Written by Andrew C. Montoya,CCDC Legal Program Attorney
As of Thursday, March 26, 2020, precisely at 6:00 a.m., the State of Colorado is under a Stay At Home executive order, issued by Governor Jared Polis. Of course, much of the State was already under local Stay At Home orders issued by county authorities, including Denver, Boulder, Jefferson Counties, and the Tri-County Health order covering Adams, Arapahoe and Douglas Counties. That’s a lot of pages of dense text, with facts and findings, definitions and prohibitions, and other unfriendly phrasing that’s no fun to read. But worry not, dear friends! Thanks to the venerable Julie Reiskin, I, your friendly neighborhood disability rights lawyer, am here to provide an easy-to-read summary.
Of course, since I am a lawyer, I do have to take a moment to provide a brief disclaimer: this does not constitute legal advice and reading this does not create an attorney-client relationship. You may wish to consult with a lawyer before taking any actions that might violate any of the county or state Stay At Home orders.
Now, on to the main event: the orders! All of the Stay At Home orders, whether at the state or county level, are very, very similar. In fact, most use identical verbiage for most of the orders, changing only the name of the locality. There are a few minor differences—Broomfield’s being shortest and to the point, for instance—but the upshot of them all is the same: Stay At Home (as much as possible). Because of these significant similarities, I will focus on the statewide order issued by the Colorado Department of Public Health as part of the Governor’s executive order, but this summary pretty much covers them all.
All of the orders start with some basic introductory stuff, like reciting the facts about the spread of COVID-19 and its health consequences, the history of other public health orders related to the virus, and the intent behind the order. The order itself is pretty straight-forward. All public and private gatherings of any size occurring outside of people’s homes are prohibited. People are also asked to remain at their homes as much as possible. When that’s not possible, try your best to maintain a distance of six feet between yourself and others. The only times you should leave your home is for necessities, like grocery shopping, seeking medical care, getting outside for a bit, or working in or supporting a critical business. Basically, if you need something while staying holed up at home, you can still go out and buy it (including liquor and cannabis (for recreational, curbside delivery only)).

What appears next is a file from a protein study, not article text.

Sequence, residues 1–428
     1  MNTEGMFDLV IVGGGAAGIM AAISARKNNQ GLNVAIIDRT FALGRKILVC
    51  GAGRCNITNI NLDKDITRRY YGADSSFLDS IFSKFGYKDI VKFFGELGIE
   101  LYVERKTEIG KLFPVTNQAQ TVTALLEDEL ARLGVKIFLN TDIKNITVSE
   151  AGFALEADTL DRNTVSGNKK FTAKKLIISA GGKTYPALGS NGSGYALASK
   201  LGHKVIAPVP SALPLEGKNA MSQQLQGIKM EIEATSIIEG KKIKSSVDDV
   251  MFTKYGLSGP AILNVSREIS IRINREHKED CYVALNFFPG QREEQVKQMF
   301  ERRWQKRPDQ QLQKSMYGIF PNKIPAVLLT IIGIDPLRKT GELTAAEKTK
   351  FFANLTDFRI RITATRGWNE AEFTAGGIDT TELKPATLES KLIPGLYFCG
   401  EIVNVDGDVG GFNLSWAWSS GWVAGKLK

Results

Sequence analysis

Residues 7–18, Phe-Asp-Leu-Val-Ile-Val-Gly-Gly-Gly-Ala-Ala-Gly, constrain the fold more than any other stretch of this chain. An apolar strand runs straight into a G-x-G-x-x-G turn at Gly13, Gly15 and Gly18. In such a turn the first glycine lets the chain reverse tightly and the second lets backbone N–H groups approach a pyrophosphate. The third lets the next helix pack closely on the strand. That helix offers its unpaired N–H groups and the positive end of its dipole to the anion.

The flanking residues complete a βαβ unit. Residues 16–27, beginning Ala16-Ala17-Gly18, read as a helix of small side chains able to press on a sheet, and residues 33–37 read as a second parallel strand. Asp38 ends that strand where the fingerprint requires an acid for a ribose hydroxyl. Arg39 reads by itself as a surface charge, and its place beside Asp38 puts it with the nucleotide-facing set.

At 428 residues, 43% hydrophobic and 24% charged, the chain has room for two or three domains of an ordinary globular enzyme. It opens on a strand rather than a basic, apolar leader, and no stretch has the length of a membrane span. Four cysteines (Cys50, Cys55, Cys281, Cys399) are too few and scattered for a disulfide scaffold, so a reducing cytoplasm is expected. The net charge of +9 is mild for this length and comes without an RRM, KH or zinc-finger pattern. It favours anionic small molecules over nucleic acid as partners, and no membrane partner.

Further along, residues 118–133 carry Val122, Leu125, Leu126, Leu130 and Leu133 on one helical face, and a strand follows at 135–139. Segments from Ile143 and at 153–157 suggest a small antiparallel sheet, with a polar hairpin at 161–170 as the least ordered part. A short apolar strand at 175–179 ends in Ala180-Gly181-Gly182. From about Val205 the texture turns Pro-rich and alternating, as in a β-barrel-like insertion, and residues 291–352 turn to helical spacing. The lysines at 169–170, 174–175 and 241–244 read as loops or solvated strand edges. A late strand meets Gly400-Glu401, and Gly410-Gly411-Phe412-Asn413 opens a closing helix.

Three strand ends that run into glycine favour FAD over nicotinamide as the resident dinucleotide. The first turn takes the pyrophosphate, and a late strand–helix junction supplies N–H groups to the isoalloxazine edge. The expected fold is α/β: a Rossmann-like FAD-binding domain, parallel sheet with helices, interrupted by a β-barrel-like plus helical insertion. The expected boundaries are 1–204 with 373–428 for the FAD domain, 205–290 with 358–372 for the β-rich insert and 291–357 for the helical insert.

If you work in an essential business, such as those grocery stores, medical offices, and dispensaries, you can go to work. If you work in a job that supports those essential businesses, you can go to work. If you need to help someone or need someone to help you, that can still happen too. If you need gas to drive to the grocery store, you can stop at the gas station. If you work at a restaurant, you can still catch the bus, cab, rideshare, bike or scooter to get you there.
Truly, the exceptions to the general premise of staying at home are enormous! Most of the usual business that we do daily will continue unhampered by the Stay At Home order. Sure, you can’t go hang out at Starbucks with friends, but you can still get a venti dark roast to go and Facetime as you take a leisurely stroll through the park. Just remember to maintain the social distancing that we have all been practicing for days now anyway. Of course, also wash your hands (and don’t forget to sanitize your phone too)!
For now, the order expires just before midnight, April 11, 2020. That may change, and we’ll let you know if it does.